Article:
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Friday, November 17 2017 @ 10:41 PM AST

Trinidad & Tobago's safest places from hurricanes, earthquakes

Th nature of climate change is precisely that it is characterized by 'change'. However, based on historical data (see heat maps below), the safest places in Trinidad and Tobago to get away from hurricanes and earthquakes appear to be Icacos and Cedros. Disclaimer: The author is a journalist and neither a meteorologist nor a seismic expert. Study maps below to draw own conclusions.


SOURCE: Caribbean Catastrophe Risk Insurance Facility (CCRIF)


SOURCE: Caribbean Catastrophe Risk Insurance Facility (CCRIF)


SOURCE: Caribbean Catastrophe Risk Insurance Facility (CCRIF)


SOURCE: Caribbean Catastrophe Risk Insurance Facility (CCRIF)


SOURCE: Caribbean Catastrophe Risk Insurance Facility (CCRIF)


SOURCE: Caribbean Catastrophe Risk Insurance Facility (CCRIF)


SOURCE: Caribbean Catastrophe Risk Insurance Facility (CCRIF)


SOURCE: Caribbean Catastrophe Risk Insurance Facility (CCRIF)



CCRIF parametric rainfall policy pays out US$7 million to Trinidad & Tobago, the first pay out in the country's history: http://www.artemis.bm/blog/2017/10/31...=hootsuite
Trinidad & Tobago has insurance coverage with CCRIF for tropical cyclones (and therefore hurricanes too) and earthquakes.
Trinidad & Tobago has coverage for earthquakes up to "over US$90 million": CCRIF
Cayman Islands-based CCRIF collects about US$11 million per year for about 29 policies for 16 Caribbean Community (CARICOM) countries.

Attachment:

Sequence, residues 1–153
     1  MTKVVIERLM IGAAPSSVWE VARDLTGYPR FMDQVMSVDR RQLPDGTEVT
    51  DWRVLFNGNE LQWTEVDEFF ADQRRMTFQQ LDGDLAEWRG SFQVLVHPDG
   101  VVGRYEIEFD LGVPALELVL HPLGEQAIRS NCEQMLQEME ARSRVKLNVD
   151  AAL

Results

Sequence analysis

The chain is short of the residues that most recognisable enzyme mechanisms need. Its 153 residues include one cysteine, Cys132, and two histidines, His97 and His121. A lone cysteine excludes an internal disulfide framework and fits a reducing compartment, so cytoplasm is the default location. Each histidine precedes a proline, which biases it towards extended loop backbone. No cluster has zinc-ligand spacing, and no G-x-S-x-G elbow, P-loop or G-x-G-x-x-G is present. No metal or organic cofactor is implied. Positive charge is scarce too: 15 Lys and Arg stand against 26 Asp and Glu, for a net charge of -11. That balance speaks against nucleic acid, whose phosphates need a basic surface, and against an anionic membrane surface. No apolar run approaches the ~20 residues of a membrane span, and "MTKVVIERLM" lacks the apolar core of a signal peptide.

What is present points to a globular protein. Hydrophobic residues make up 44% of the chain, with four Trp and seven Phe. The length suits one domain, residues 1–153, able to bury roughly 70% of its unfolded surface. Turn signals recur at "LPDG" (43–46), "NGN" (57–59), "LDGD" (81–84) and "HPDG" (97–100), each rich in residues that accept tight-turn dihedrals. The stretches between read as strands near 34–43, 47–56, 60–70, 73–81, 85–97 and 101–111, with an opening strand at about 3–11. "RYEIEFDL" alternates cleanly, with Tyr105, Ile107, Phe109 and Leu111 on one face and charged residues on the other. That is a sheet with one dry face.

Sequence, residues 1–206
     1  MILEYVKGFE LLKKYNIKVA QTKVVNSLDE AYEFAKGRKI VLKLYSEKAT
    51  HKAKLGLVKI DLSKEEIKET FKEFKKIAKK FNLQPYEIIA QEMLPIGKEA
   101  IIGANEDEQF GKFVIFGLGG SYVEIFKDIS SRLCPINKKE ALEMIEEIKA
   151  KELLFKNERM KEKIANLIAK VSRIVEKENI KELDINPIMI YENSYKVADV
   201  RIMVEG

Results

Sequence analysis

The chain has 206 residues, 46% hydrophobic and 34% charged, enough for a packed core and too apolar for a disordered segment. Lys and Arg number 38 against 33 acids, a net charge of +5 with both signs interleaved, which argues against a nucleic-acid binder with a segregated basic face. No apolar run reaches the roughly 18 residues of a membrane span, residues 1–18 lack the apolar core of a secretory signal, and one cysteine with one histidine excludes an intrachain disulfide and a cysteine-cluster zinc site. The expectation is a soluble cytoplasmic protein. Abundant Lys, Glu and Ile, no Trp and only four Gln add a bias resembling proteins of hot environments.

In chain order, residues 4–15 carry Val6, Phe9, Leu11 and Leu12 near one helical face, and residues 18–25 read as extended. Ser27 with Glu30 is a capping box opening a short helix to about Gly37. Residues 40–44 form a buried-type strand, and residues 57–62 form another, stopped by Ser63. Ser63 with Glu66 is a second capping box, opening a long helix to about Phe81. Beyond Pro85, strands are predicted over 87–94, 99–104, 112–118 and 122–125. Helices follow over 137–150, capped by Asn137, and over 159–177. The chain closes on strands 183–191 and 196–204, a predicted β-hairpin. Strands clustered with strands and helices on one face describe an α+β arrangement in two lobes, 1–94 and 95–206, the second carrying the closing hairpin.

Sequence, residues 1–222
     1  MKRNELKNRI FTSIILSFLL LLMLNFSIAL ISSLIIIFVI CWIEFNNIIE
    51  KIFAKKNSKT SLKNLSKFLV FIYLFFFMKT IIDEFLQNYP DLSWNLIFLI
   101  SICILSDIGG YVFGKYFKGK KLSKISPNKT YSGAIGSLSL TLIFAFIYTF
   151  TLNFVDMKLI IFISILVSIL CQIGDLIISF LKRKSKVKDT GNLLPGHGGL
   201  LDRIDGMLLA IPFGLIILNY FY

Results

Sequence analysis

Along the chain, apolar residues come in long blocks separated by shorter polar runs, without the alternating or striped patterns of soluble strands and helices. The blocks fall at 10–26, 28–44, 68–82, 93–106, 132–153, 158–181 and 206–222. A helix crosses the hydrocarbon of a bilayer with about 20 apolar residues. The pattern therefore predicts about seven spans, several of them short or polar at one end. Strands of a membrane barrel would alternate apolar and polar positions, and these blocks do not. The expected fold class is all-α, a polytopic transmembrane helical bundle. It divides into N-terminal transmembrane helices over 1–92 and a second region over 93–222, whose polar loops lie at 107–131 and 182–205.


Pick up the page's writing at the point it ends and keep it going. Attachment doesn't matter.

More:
IMPORTANT UPDATE: After the above was published, the Ministry of Finance issued the following press release dated November 2, 2017:


PRESS RELEASE
GoRTT to receive funding from

Caribbean Catastrophe Risk Insurance Facility

The Ministry of Finance wishes to announce that, the Government of Trinidad and Tobago
is expected to receive a payout in the amount of US$7,007,886 (approximately TT$47.4
million) on its Excess Rainfall Policy from the Caribbean Catastrophe Risk Insurance
Facility SPC (CCRIF).

Trinidad & Tobago has been a member of CCRIF since 2007 and has purchased CCRIF
policies for Tropical Cyclone and Earthquake. However, over the past few years, Trinidad
& Tobago has been experiencing major flooding and loss of property and livelihoods due
to intensifying rainfall. Consequently, in 2017 the Government purchased a CCRIF policy
for Excess Rainfall (XSR) with coverage for Trinidad of US$15,793,290 and for Tobago
of US$2,126,360.

Due to the intense rainfall experienced in Trinidad over the period October 18 to October
20, 2017, which resulted in widespread flooding and loss of property, the CCRIF via a
Press Release on October 30, 2017 advised that the XSR policy for Trinidad was
triggered and CCRIF would make a payout of US$7,007,886 (TT$47.4 million). A model
based on the amount of excess rainfall is used by the CCRIF to estimate losses to the
country and the resulting payout.

The Government of Trinidad and Tobago, through the Ministry of Finance, has completed
and submitted the required forms to CCRIF and will be in receipt of the funds soon.
“The CCRIF SPC is a segregated portfolio company, owned, operated and registered in
the Caribbean.” This organisation provides contributing governments with short-term
liquidity when a parametric insurance policy is triggered in the event of earthquake,
hurricane and excess rainfall. This regional fund offers catastrophe coverage at the
lowest-possible pricing.


THIS IS WHAT THE RELEASE LOOKED LIKE:

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